Las Vegas has now had four months to reflect on the terrible tragedy of September 11 and how we’ll try to make 2002 as fun and profitable as 2001 started out.
Right now, we’re in the midst of a war and an era of fear ”” fear of getting on a plane, fear of opening our mail, and, in some cases, fear of the racial profile of our neighbors. Even the fear of facing a terrible economic recession. But, as most Las Vegas historians will tell you, in time of recession, Vegas has always been the last to succumb and first to recover.
That was, until recently. Many retail store operators, as well as laid-off hotel workers, will be among the first to confirm that.
Is it because of actual events or the reaction to events?
Perhaps part of the answer can be found in a story written just prior to our country going into the recession of the early 1980s and once relayed to me by friend and author Bea Fogelman. The story, with a little literary license, went like this:
Mom and Pop Jones enjoyed the ownership of a good-sized, well-run convenience store in the middle of town. It had expanded several times. Many of the townspeople were employees. For many years they prospered, grew and had a happy, financially comfortable life.
Pop and his employees handed out candy to neighborhood children, assisted their mothers to their cars and kept the shelves well stocked. Mom had a staff of employees, who enjoyed mailing cards to customers on their birthdays, as well as sending them thank you notes for their patronage. Mom also made sure to invite all the customers to their sales and special events. They even knew most of their customers by name. They never failed to offer holiday entertainment, sponsor contests and donate to community causes.
They were planning to expand again, when their son, who had never worked in the store, came to visit right after earning his economic and political science degrees at a big university. He warned them that the country could be facing drastic changes and perhaps an economic slump! His advice was to cut back on everything, immediately.
A bewildered Mom and Pop wondered how that could happen during such a high level of prosperity and low level of overall unemployment, while sitting on a surplus.
The son warned: “Times are changing. It’s time to cut back on stock and stop spending money on promotion and community efforts and to thin the staff of employees and stop entertainment programs. We are facing possible bad times, perhaps a depression!”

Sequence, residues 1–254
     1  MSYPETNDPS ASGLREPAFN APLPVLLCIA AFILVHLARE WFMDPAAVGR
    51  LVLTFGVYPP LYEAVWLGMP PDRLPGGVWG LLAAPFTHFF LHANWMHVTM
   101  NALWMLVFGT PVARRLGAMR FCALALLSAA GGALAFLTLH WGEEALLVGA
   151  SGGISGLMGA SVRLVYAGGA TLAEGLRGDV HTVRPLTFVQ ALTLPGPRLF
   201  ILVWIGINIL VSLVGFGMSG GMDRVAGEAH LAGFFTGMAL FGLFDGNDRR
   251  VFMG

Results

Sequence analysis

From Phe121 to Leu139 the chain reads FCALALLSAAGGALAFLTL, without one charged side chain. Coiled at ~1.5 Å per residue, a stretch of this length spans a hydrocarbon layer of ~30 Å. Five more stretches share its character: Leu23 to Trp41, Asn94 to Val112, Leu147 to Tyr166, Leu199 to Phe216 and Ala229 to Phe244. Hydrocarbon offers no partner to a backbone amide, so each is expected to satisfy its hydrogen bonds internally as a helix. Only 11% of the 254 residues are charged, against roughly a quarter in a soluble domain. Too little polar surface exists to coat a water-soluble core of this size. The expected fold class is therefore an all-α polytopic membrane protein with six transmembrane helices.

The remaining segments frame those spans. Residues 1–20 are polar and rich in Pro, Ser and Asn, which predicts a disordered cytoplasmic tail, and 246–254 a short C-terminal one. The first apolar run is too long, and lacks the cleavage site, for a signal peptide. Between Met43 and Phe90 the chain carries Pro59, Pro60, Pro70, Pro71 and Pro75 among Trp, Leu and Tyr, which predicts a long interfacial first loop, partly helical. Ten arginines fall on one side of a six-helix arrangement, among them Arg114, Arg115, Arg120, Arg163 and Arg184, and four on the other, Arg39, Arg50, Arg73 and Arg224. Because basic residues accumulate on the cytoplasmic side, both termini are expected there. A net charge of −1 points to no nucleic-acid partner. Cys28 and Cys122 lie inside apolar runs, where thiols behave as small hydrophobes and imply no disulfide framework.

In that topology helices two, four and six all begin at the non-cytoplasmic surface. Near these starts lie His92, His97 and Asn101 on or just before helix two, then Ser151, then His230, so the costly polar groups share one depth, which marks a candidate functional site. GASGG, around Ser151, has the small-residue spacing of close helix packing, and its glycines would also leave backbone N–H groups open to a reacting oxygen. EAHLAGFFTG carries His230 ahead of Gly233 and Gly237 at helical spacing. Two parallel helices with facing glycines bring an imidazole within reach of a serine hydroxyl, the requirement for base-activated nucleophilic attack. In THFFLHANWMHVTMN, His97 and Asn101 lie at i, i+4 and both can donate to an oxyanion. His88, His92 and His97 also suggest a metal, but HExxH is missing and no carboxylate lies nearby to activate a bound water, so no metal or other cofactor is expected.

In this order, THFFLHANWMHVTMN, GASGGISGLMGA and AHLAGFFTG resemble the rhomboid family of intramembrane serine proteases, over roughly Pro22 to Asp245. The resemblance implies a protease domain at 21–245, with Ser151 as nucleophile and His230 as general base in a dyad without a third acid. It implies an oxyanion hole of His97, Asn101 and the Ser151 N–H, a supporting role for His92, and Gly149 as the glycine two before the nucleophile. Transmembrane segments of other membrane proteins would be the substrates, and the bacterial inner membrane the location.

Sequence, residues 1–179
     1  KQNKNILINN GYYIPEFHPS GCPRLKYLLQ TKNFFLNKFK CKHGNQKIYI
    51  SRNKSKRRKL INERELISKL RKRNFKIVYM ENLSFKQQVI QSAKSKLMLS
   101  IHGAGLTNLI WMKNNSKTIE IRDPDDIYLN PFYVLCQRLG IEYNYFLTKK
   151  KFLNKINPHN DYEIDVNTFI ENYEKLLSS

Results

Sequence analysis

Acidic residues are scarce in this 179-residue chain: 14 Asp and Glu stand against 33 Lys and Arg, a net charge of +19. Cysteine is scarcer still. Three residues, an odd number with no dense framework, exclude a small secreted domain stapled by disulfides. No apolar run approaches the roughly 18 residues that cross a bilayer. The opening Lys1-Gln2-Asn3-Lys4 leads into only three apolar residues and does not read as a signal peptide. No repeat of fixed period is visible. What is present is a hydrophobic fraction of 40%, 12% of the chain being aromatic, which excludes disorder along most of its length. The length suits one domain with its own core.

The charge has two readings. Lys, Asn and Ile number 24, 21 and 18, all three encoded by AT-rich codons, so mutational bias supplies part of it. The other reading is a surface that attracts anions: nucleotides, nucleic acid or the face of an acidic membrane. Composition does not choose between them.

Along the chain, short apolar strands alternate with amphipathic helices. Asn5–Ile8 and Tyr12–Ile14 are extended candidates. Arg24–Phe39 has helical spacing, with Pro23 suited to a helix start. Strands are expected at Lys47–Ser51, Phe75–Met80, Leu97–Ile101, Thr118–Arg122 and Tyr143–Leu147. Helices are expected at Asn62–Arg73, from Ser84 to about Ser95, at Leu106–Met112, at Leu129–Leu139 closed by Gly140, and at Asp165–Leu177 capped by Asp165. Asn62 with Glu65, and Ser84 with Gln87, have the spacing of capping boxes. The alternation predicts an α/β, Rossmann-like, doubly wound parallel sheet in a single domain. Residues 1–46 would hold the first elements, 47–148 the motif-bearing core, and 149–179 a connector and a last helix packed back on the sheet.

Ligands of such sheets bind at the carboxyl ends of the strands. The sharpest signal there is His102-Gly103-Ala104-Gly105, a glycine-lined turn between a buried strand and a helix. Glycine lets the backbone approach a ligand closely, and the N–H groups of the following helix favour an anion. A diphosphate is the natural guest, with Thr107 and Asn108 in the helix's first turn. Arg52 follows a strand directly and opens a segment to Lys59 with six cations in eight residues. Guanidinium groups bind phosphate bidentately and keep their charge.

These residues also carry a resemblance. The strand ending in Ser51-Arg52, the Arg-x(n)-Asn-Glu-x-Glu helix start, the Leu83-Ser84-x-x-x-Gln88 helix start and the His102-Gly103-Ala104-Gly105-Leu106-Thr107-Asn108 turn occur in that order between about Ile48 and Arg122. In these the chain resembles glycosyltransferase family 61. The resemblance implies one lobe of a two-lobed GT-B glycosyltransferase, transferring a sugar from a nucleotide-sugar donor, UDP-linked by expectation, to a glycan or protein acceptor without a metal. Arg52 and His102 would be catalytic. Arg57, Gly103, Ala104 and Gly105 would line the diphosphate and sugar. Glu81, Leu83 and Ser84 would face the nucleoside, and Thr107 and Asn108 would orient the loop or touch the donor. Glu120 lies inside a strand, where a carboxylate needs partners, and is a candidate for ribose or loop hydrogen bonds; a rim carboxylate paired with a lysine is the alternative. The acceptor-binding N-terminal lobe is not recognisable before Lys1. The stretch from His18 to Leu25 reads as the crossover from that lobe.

They realized that their son was schooled elsewhere, in a more sophisticated place, and an expert in economics. So, they decided to follow his advice. They warned all their friends who owned shops so that they could lay off employees and streamline their businesses, too.
Soon, cutbacks in offerings cut customer selections. A lower profit margin resulted. Their customer service slipped, since their number of employees was shrinking. The joy of business was waning. The Jones’s began to back away from the community; no longer planning events. The candy for the children and the greeting cards ceased. Direct mailing stopped. Customers started to go elsewhere. Their store, as well as others in the neighborhood, once busy with laughter and conversation, was very quiet. They eventually had to salvage what they could and close the doors.
The entire original little parable was written right before our country went into serious economic recession in the 80s that many thought could have been avoided. Though, even then, as in the 60s and 70s, Las Vegas in the 80s (even with a gas crisis, new competition from Atlantic City, and unsettling affairs in the Middle East), unlike today, felt the economic crunch far later and far less severe than the rest of the country.
Perhaps that was because, then, the shelves stayed stocked, the variety of offerings stayed plentiful, promotion and amenities were not decreased, people were kept at their jobs, customer service remained a priority and the other shops down the street didn’t always follow the Jones’s!